January 20, 2016: the beginning of Sonnet 82 painting

First approach to Sonnet 82 today — just letting it play in my head (and, hopefully, heart), letting it sink in, find its connection to the core of my being. I “put it into my head” before going for a walk, and so the time in the park was spent with the sonnet “in the background”:

I grant thou wert not married to my Muse,
And therefore mayst without attaint o’erlook
The dedicated words which writers use
Of their fair subject, blessing every book.
Thou art as fair in knowledge as in hue,
Finding thy worth a limit past my praise;
And therefore art enforced to seek anew
Some fresher stamp of the time-bettering days.
And do so, love; yet when they have devised,
What strained touches rhetoric can lend,
Thou truly fair, wert truly sympathised
In true plain words, by thy true-telling friend;
And their gross painting might be better used
Where cheeks need blood; in thee it is abused.

In contrast to the previous one, it exists on an unambiguously “interpersonal” level, with a tangible and “polite” distance between its “I” and its “thou”. The idea of (not) being married to the poet’s Muse comes entirely from the outside the sonnets sequence itself — the context of the sonnets implies that the addressee is the Muse, not her spouse. So thou wert not married to my Muse allows for two readings: the “inner” one (no, you aren’t married to her, you are her), and the “outer” one (no, you aren’t married to her, you are a free agent and can enjoy other poets’ offerings).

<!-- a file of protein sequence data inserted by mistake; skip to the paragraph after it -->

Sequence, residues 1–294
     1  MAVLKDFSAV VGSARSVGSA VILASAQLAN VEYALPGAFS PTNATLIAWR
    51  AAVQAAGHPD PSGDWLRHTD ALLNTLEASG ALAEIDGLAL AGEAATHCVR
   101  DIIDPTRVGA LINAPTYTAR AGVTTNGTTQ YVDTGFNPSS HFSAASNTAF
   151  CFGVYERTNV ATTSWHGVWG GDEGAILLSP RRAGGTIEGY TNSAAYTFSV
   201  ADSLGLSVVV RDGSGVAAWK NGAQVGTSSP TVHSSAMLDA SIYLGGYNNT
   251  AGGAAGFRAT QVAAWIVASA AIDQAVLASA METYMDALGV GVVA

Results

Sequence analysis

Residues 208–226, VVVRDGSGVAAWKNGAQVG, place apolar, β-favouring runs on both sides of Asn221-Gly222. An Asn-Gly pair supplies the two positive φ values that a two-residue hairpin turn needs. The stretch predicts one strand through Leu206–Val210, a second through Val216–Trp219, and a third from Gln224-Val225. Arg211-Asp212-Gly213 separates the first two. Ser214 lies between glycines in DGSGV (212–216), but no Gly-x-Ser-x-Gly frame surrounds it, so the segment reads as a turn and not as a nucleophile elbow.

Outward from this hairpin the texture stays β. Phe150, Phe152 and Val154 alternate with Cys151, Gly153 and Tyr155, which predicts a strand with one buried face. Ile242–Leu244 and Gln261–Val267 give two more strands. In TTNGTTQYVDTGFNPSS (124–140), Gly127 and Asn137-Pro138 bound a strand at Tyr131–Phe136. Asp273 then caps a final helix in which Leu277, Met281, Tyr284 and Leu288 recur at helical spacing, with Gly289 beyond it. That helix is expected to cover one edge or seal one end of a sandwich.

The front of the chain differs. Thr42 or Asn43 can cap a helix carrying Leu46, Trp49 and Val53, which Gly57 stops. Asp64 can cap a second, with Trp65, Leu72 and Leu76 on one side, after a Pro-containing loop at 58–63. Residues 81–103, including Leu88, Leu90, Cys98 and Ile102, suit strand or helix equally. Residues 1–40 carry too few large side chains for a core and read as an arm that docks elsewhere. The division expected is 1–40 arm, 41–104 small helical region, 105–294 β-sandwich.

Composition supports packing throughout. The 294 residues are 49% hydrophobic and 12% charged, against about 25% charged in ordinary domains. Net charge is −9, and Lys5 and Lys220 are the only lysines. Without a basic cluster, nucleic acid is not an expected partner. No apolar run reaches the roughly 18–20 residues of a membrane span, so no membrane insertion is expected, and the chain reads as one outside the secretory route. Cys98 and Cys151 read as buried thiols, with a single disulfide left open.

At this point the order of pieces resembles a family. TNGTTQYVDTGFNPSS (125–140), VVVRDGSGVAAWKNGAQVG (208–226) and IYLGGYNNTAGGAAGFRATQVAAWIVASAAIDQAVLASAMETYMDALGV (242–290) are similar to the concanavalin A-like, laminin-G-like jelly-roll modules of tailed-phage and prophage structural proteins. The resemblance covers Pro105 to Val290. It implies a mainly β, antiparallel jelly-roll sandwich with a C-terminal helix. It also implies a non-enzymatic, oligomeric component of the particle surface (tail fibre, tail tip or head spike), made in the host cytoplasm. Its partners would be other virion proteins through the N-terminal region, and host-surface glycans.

The other striking aspect of the sonnet, is, of course, the repetitive fair and true — and their interaction. “True” repeated four times in the space of two lines — from someone so “good with words”, this cannot be accidental. I’ll have to try and find a painting “equivalent” for that. For now, though, it reminded me of this conversation between Hamlet and Ophelia:

Hamle Ha, ha! Are you honest?

Ophelia. My lord?

Hamlet. Are you fair?

Ophelia. What means your lordship?

Hamlet. That if you be honest and fair, your honesty should admit no
discourse to your beauty.

Ophelia. Could beauty, my lord, have better commerce than with honesty

Hamlet. Ay, truly; for the power of beauty will sooner transform honesty from what it is to a bawd than the force of honesty can translate beauty into his likeness. This was sometime a paradox, but now the time gives it proof. I did love you once.

Thinking about this sonnet — in its intrinsic opposition to the previous one — clarified my understanding (or rather — my feeling) of this weird thing we call “I”, firmly enclosed within itself and yet somehow distributed all over the place.

And this, in turn, brought the first answer to the question I’ve been living lately: my decreased “studio time”, and the somewhat paradoxical effect of this decrease on the “results”. I have sacrificed some of my studio time to various self-reflection and “just being” activities, let alone working on the “Art of Seeing” platform — and I’ve been feeling acutely that I don’t spend enough time painting. So how could it happen that, at the same time, I’ve been actually painting more?

I realised that the very validity of this question hinges on the validity of the concept of solid “I”.  Who is it that’s spending (or not spending) time in the studio? Obviously, some of the time my body spent was painting during the last months of 2015, “I” was barely in the room. And today during the walk, much more of it was actually involved in the process of painting — while walking at the same time.

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